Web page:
The problem with both of the above scenarios is that none of that is objectively provable, Beloved. In other words: you make the meaning in both situations. The center for meaning there is not some “Divine plan,” but that “choose your own adventure” you’ve assented to in your own heart.

Humans make meaning. We have to. It helps us love and move and breathe with purpose in this world.

In other situations we do less bargaining and more earning. Through oblations, good deeds, generous donations, self-sacrifice, we secretly or not-so-secretly think we’re earning chips on the Divine poker table, increasing our chances for a nice pay-out.

We’re taught in life that we live in a meritocracy: work hard, reap the benefits.

Except, that’s largely a lie.

The world is not one where the hard-working are rewarded (cough: looking at you minimum wage) and the slackers go without. It’s one where opportunity shines brightly for some, and less brightly for others, due to a complex mix of historical racism, geography, health-factors, gender discrimination, sexual privilege, socio-economic influences, and just sheer luck (or lack of it). And, truthfully, I’m probably missing some factors there…

The tricky thing, of course, is that this “meritocracy lie” is less of an outright fib, and more of a “half-truth” parading around as the whole enchilada. Hard work does, sometimes, get you somewhere for some people. But I know folks who do all the right things and get the short end of the stick anyway. It seems their chip stack at the Divine poker table never grows, no matter how they play their hand…

This Sunday’s Gospel lesson from John’s rendering of the life of Jesus is one that, I think, encourages us to disabuse ourselves of either of the above ways of operating.

People read John 3:13-22 as Jesus writing some greedy wrongs of the Temple in those ancient days, and surely some of that might be true. This act will be, in John’s Gospel, the reason for Jesus’ arrest.

But the larger lesson here, and the one I think is more helpful in shaping our spiritual sensibilities, is the idea that Jesus is actively dispelling the notion that we can bargain for God’s blessing, or that we can buy or earn our way to the miracle-circle of life.

The hope that God provides is not one that ensures a certain outcome, but rather one that says, “No matter the outcome, I am with you.”

I think that, especially in these days of illness and vaccine, storms and cold and “why the hell are we still here a year later?!” where certainly honest prayers for help and concern have been thrown into the universe, perhaps the best thing that the church can do right now, even with all her flaws, is to reorient our people toward the deep truth that bargaining and meritocracies have no place in the Kingdom of God.

It’s natural for humans to do that kind of thing, of course, which is one of the reasons we know it can’t be God’s standard operating procedure.

Instead, God invites us to move away from the craps table and cashes in all her chips on our behalf instead, standing beside us in the lobby of life as a friend, not a dealer, having decided that the “house always wins” mentality the world uses is not only not a good way to live, but certainly isn’t the abundant life the Divine intends for us.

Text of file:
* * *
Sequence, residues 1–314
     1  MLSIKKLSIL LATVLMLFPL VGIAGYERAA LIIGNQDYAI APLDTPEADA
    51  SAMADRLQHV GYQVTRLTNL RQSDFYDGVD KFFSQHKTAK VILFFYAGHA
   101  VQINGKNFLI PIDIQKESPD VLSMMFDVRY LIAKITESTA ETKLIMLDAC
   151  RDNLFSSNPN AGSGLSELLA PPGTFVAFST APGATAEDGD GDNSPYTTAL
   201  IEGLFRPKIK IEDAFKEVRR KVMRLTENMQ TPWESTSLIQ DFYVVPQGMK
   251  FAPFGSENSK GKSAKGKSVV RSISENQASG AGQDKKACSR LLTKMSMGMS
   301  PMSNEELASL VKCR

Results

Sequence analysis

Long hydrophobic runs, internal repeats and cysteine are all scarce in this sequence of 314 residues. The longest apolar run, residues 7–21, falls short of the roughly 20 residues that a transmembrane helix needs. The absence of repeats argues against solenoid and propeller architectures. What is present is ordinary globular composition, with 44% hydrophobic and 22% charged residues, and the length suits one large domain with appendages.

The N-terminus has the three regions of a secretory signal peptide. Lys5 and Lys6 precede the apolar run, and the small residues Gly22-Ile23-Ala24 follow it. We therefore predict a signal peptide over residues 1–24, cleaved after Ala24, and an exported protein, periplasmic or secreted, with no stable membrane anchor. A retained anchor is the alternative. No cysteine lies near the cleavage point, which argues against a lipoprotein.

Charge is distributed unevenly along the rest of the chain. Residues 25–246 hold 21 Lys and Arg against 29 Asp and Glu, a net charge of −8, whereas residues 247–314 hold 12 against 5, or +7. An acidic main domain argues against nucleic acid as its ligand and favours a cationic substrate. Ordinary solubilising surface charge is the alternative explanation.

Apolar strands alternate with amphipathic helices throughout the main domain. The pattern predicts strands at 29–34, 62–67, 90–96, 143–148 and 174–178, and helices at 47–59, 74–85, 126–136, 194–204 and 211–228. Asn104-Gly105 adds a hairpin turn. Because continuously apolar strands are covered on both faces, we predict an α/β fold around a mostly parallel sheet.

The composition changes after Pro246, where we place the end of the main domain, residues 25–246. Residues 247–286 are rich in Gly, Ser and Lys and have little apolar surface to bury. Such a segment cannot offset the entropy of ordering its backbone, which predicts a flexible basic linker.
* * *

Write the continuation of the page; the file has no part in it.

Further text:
If you’re still not convinced, flip ahead in the story just a bit to where Jesus is praying in the garden in the wee hours before they’ll string him up. There he doesn’t bargain with God, but rather just says what he truly desires, “Don’t let this happen…” he says.

No conditions. No wagering. No, “see how good I’ve been?!”

He just says, “I don’t want this.”

But then he says (in not so many words), in a wisdom that is so instructive for me…for all of us, “But if it happens, walk with me.”

Put down your chips, Beloved. They’re not worth anything lasting, anyway. God’s not dealing out blessing and curses, aces or fives.

God’s alongside us. We don’t need to bargain. We don’t need to earn it. Hear it and live.

No iPhone. No iFunction. iAddicted.

Banksy’s sketch of iPhone addiction

This week’s discipline, severing my ties with my iPhone, is a miserable failure so far.

On Sunday I did put it away. Far away, in fact. Took whole trips without it: on a walk, to visit family, to the store.

I found myself reaching for it. Often.

I sat in the car and waited for our order at St. Bucks of the Stars to be fulfilled wondering what I’d do while I waited…cause, you know, I always have to “do” something. We’re always “doing” aren’t we?

Shamefully, I found myself reaching for it at red lights.

I even found myself reaching for it while doing other things! Like, while watching TV, believe it or not. Absent-mindedly reaching for it, as if my brain now says, “Nope, you’re not overstimulated enough. TV won’t just do it, we have to have something else…”

As I walked out the door I checked my pockets: “Keys? EDC (Every Day Carry) Stuff? Pen? Mask? iPhone? Wallet?” and, when it wasn’t there, a small panic arose in me.

What if I got lost? Or stranded? How would I handle it if I couldn’t call someone?

I mean, it’s not like people didn’t get lost before iPhones, right? And somehow they survived…but my mind and heart races just thinking about the sheer inconvenience of it all.